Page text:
This story about the young man walking away can be found in Matthew, chapter 19:22, and Luke, chapter 18:23, but slightly different.  Mark said that this man was shocked at these words of Jesus (ὁ δὲ στυγνάσας ἐπὶ τῷ λόγῳ).  He went away pained or grieving (ἀπῆλθεν λυπούμενος), because he had many possessions or a lot of property (ἦν γὰρ ἔχων κτήματα πολλά).  This rich young man was willing to listen to Jesus, but could not bring himself to totally commit his life to him, by giving up his worldly possessions.  Thus, he went away very sad, because he realized his own situation, that he lacked the urge to make that final commitment to Jesus, by getting rid of his earthly wealth.

The apostles would scatter (Mt 26:31-26:31)

“Then Jesus said

To them.

‘You will all

Become deserters

Because of me

This night.

It is written.

‘I will strike

The shepherd.

Then the sheep

Of the flock

Will be scattered.’”

 

Τότε λέγει αὐτοῖς ὁ Ἰησοῦς Πάντες ὑμεῖς σκανδαλισθήσεσθε ἐν ἐμοὶ ἐν τῇ νυκτὶ ταύτῃ· γέγραπται γάρ Πατάξω τὸν ποιμένα, καὶ διασκορπισθήσονται τὰ πρόβατα τῆς ποίμνης·

 

This is almost word for word in Mark, chapter 14:27.  Jesus told his 12 disciple apostolic leaders (Τότε λέγει αὐτοῖς ὁ Ἰησοῦς) that all of them were going to be shocked, offended, and stumble because of Jesus (Πάντες ὑμεῖς σκανδαλισθήσεσθε ἐν ἐμοὶ).  They were going to desert him this very night (ἐν τῇ νυκτὶ ταύτῃ).  Jesus noted that it was written (γέγραπται γάρ) in the prophet Zechariah, chapter 13:7, that because the shepherd was struck (γάρ Πατάξω τὸν ποιμένα), the sheep in the flock would be scattered or dispersed (καὶ διασκορπισθήσονται τὰ πρόβατα τῆς ποίμνης).  Thus, the same would happen to them.  As something was going to happen to Jesus, they would all stumble and scatter, while deserting or leaving Jesus.

 

Who can be saved? (Mt 19:25-19:25)

“When the disciples

Heard this,

They were greatly astonished.

They said.

‘Then who can be saved?’”

 

ἀκούσαντες δὲ οἱ μαθηταὶ ἐξεπλήσσοντο σφόδρα λέγοντες Τίς ἄρα δύναται σωθῆναι;

 

This reaction of the disciples can be found in Mark, chapter 10:26, and Luke, chapter 18:26, almost word for word.  When the disciples of Jesus heard this saying (ἀκούσαντες δὲ οἱ μαθηταὶ), they were greatly shocked, astonished, and amazed (ἐξεπλήσσοντο σφόδρα).  They then wondered who then could possibly be saved (Τίς ἄρα δύναται σωθῆναι)?  Could anyone be saved?  Everyone had some kind of wealth so that this was a very difficult saying for them.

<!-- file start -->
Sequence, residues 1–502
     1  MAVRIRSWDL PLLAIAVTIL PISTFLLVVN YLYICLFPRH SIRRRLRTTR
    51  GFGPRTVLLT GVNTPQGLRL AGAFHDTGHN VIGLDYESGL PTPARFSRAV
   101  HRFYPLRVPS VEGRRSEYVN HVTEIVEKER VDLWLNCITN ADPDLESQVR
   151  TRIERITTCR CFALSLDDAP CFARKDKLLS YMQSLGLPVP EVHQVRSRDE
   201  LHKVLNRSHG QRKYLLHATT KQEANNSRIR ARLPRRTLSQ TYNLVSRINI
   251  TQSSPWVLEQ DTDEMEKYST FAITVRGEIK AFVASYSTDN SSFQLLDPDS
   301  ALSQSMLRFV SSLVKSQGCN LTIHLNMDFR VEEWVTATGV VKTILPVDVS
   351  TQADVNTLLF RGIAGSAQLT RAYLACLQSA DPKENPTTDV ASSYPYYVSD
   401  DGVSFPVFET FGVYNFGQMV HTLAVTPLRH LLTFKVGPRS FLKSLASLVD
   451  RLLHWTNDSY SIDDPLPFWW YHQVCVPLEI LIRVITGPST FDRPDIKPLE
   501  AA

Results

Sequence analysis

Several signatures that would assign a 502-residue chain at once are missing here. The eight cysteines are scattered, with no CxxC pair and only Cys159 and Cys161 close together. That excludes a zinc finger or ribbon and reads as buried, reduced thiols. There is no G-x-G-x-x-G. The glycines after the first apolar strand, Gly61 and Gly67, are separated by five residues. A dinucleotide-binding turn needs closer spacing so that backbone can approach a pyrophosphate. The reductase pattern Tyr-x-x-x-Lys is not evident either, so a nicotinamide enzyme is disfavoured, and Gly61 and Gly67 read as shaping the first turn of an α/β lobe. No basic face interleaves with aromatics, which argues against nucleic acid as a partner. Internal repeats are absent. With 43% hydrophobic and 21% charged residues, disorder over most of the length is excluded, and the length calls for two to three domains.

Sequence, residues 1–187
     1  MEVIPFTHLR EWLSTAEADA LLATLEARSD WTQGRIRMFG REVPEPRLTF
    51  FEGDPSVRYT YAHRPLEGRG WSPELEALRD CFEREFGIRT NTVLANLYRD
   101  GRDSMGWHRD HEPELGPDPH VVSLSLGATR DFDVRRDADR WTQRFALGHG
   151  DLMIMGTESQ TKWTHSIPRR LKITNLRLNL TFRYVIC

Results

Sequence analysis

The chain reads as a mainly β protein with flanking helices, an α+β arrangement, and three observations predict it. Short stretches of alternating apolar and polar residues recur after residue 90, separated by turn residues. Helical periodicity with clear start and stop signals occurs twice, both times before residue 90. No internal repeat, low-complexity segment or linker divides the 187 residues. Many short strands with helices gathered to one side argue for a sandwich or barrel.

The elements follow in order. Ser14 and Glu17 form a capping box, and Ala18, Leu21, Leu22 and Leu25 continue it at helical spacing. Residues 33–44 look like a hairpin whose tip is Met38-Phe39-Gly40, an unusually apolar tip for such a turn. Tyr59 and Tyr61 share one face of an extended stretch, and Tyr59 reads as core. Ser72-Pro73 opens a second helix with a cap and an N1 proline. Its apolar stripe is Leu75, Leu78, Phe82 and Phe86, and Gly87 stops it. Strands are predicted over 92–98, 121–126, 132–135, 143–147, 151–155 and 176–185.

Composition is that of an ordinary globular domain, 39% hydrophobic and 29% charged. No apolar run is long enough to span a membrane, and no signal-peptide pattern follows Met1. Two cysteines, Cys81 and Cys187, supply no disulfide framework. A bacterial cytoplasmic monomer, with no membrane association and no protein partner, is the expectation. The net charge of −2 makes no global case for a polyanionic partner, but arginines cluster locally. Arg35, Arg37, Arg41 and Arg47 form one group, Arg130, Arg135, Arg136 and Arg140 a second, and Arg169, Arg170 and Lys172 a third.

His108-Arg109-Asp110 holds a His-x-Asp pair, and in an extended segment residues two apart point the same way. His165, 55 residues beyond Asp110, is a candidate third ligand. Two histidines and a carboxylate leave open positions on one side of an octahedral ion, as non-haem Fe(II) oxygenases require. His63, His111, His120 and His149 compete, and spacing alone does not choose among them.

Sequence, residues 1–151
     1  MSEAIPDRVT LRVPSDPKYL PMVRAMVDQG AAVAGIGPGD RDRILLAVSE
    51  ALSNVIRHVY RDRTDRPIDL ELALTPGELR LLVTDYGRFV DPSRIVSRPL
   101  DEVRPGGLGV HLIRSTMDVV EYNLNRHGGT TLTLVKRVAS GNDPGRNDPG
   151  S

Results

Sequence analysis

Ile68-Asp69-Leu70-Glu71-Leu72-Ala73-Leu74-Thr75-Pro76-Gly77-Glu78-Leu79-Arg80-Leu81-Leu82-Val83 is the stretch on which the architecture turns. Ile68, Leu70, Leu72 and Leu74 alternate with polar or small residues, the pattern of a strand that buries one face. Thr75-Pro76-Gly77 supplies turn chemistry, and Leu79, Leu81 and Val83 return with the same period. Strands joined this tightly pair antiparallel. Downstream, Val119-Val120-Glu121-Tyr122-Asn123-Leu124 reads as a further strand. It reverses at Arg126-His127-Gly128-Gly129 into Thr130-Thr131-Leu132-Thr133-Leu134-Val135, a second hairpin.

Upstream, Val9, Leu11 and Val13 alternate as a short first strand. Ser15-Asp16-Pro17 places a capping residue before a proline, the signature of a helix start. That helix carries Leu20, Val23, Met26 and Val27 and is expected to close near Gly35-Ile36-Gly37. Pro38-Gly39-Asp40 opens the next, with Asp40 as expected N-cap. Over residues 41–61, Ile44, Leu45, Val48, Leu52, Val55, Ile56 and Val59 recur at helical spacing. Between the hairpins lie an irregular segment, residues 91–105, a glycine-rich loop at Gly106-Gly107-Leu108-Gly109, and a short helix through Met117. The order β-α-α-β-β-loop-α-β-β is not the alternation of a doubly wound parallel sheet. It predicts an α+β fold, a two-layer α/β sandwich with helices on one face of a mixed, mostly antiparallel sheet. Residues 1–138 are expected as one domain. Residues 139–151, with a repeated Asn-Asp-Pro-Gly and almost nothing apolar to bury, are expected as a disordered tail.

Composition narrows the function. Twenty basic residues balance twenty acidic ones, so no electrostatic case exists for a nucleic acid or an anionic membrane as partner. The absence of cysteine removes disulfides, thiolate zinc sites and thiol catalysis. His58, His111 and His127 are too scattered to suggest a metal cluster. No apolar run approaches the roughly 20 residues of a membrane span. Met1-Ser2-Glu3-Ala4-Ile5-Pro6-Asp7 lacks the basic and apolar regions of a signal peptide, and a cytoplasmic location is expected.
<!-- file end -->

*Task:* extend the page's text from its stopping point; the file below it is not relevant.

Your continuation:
The accusations (Jer 2:9-2:12)

“‘Therefore once more

I accuse you.’

Says Yahweh.

‘I accuse

Your children’s children.

Cross to the coasts of Cyprus!

See!

Send to Kedar!

Examine with care!

See if there has ever been

Such a thing!

Has a nation changed its gods?

Even though

They are no gods.

But my people have changed their glory.

They prefer something that does not profit.

Be appalled!

O heavens!

At this!

Be shocked!

Be utterly desolate!’

Says Yahweh.”

Jeremiah has Yahweh accuse his people and their children of changing from Yahweh God to go after false gods. Yahweh wanted them to go to the island of Cyprus in the Mediterranean Sea or the desert tribe of Kedar on the eastern side of the Jordan. Did those people change their deities? Why did his own people change from the glory of Yahweh to these false useless gods. The heavens are appalled, shocked, and desolate at this turn of events. Yahweh was upset.

Ptolemy takes charge (1 Macc 16:18-16:22)

“Then Ptolemy wrote a report about these things that he sent to King Antiochus. He wanted the king to send him troops in order to turn over to him the cities and the country. He sent other men to Gazara to do away with John. He sent letters to the captains asking them to come to him so that he might give them silver, gold, and gifts. He sent other troops to take possession of Jerusalem and the temple hill. But someone ran ahead and reported to John at Gazara that his father and brothers had perished. He told him.

‘He has sent men to kill you also.’

When John heard this, he was greatly shocked. He seized the men who came to destroy him. Then he killed them. He had found out that they were seeking to destroy him.”

Ptolemy wrote a report to King Antiochus VII telling him what had happened. He wanted some help from the king. Ptolemy then sent men to kill his brother-in-law John. He told the captains that he had gold, silver, and gifts for them. He sent other troops to take over Jerusalem. However, the plot to kill John failed as someone told him what was happening. Instead, he killed the men coming to get him. The story ends here without any resolution. However, it seems that John won out, but it is not clear what happened to Ptolemy.